More information

DATA SECURITY 1/12. Copyright Nokia Corporation 2002. All rights reserved. Ver. 1.0

DATA SECURITY 1/12. Copyright Nokia Corporation 2002. All rights reserved. Ver. 1.0 DATA SECURITY 1/12 Copyright Nokia Corporation 2002. All rights reserved. Ver. 1.0 Contents 1. INTRODUCTION... 3 2. REMOTE ACCESS ARCHITECTURES... 3 2.1 DIAL-UP MODEM ACCESS... 3 2.2 SECURE INTERNET ACCESS

More information

CITS1231 Web Technologies. Client, Server, the Internet, and the Web

CITS1231 Web Technologies. Client, Server, the Internet, and the Web CITS1231 Web Technologies Client, Server, the Internet, and the Web Topic Outline How does the Internet work Client Server Architecture Connections Communications Protocols Addressing Routing One of the

More information

The OSI and TCP/IP Models. Lesson 2

The OSI and TCP/IP Models. Lesson 2 The OSI and TCP/IP Models Lesson 2 Objectives Exam Objective Matrix Technology Skill Covered Exam Objective Exam Objective Number Introduction to the OSI Model Compare the layers of the OSI and TCP/IP

More information

CSE 3461 / 5461: Computer Networking & Internet Technologies

CSE 3461 / 5461: Computer Networking & Internet Technologies Autumn Semester 2014 CSE 3461 / 5461: Computer Networking & Internet Technologies Instructor: Prof. Kannan Srinivasan 08/28/2014 Announcement Drop before Friday evening! k. srinivasan Presentation A 2

More information

Secure Use of the New NHS Network (N3): Good Practice Guidelines

Secure Use of the New NHS Network (N3): Good Practice Guidelines Programme NPFIT Document Record ID Key Sub-Prog / Project Information Governance NPFIT-FNT-TO-IG-GPG-0003.01 Prog. Director Mark Ferrar Status Approved Owner Tim Davis Version 1.0 Author Phil Benn Version

More information

CSCI 362 Computer and Network Security

CSCI 362 Computer and Network Security The Purpose of ing CSCI 362 Computer and Security Introduction to ing Goals: Remote exchange and remote process control. A few desirable properties: Interoperability, Flexibility, Geographical range, Scalability,

More information

Basic Networking Concepts. 1. Introduction 2. Protocols 3. Protocol Layers 4. Network Interconnection/Internet

Basic Networking Concepts. 1. Introduction 2. Protocols 3. Protocol Layers 4. Network Interconnection/Internet Basic Networking Concepts 1. Introduction 2. Protocols 3. Protocol Layers 4. Network Interconnection/Internet 1 1. Introduction -A network can be defined as a group of computers and other devices connected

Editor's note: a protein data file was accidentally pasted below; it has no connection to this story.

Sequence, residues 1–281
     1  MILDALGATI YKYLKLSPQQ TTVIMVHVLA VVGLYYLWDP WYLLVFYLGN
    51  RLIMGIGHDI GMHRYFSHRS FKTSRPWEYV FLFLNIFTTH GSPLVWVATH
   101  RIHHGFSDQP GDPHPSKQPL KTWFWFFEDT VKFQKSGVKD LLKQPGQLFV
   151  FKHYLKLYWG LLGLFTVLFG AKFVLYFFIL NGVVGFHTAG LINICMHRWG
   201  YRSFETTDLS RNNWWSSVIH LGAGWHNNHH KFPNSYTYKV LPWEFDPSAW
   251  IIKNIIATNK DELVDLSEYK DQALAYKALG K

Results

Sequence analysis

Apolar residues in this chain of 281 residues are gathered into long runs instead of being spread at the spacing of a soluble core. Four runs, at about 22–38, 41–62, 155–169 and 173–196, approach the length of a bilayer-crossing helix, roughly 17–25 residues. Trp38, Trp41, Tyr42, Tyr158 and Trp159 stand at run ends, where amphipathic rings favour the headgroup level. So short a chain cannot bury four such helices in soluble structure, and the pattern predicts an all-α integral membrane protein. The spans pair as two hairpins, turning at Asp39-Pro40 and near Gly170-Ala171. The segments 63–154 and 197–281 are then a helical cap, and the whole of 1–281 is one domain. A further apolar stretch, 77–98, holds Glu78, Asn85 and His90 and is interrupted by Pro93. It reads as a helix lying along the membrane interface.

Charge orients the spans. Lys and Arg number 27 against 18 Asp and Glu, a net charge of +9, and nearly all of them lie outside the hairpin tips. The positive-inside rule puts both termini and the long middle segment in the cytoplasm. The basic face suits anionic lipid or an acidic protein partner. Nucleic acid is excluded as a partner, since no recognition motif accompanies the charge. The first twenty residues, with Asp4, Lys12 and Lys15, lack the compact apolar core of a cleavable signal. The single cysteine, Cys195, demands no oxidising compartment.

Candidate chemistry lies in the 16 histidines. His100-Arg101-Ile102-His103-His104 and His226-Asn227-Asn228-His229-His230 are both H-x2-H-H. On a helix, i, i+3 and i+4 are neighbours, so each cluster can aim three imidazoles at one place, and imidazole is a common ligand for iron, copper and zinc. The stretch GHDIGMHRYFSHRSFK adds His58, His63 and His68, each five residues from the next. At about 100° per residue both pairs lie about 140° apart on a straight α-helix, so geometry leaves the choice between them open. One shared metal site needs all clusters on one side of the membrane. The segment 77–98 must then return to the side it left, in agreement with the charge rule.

More information

GCSE Computing A451 Unit 6.1 Networks

GCSE Computing A451 Unit 6.1 Networks Candidates should be able to: a. Explain the advantages of networking stand-alone computers into a LAN b. Describe H/W needed to connect stand-alone computers into a LAN, including hub/switches, wireless

More information

Computer Networks CS321

Computer Networks CS321 Computer Networks CS321 Dr. Ramana I.I.T Jodhpur Dr. Ramana ( I.I.T Jodhpur ) Computer Networks CS321 1 / 22 Outline of the Lectures 1 Introduction OSI Reference Model Internet Protocol Performance Metrics

More information

Protocol Data Units and Encapsulation

Protocol Data Units and Encapsulation Chapter 2: Communicating over the 51 Protocol Units and Encapsulation For application data to travel uncorrupted from one host to another, header (or control data), which contains control and addressing

More information

Discovering Computers 2008. Chapter 9 Communications and Networks

Discovering Computers 2008. Chapter 9 Communications and Networks Discovering Computers 2008 Chapter 9 Communications and Networks Chapter 9 Objectives Discuss the the components required for for successful communications Identify various sending and receiving devices

More information

Understanding TCP/IP. Introduction. What is an Architectural Model? APPENDIX

Understanding TCP/IP. Introduction. What is an Architectural Model? APPENDIX APPENDIX A Introduction Understanding TCP/IP To fully understand the architecture of Cisco Centri Firewall, you need to understand the TCP/IP architecture on which the Internet is based. This appendix

More information

Network Topology Comparison

Network Topology Comparison Topology Star Bus Each computer connects to a central connection device. Bus Single cable connects everything. Ring Single cable configured in a ring. Information Transfer All information passes through

More information

The Internet. Chapter 10. Learning Objectives. Chapter Outline. After reading this chapter, you should be able to:

The Internet. Chapter 10. Learning Objectives. Chapter Outline. After reading this chapter, you should be able to: The Internet Chapter 10 Learning Objectives After reading this chapter, you should be able to: Discuss the responsibilities of the Internet Protocol (IP) and how IP can be used to create a connection between

More information

Technical papers Virtual private networks

Technical papers Virtual private networks Technical papers Virtual private networks This document has now been archived Virtual private networks Contents Introduction What is a VPN? What does the term virtual private network really mean? What

More information

COMPUTER NETWORK TECHNOLOGY (300)

COMPUTER NETWORK TECHNOLOGY (300) Page 1 of 10 Contestant Number: Time: Rank: COMPUTER NETWORK TECHNOLOGY (300) REGIONAL 2014 TOTAL POINTS (500) Failure to adhere to any of the following rules will result in disqualification: 1. Contestant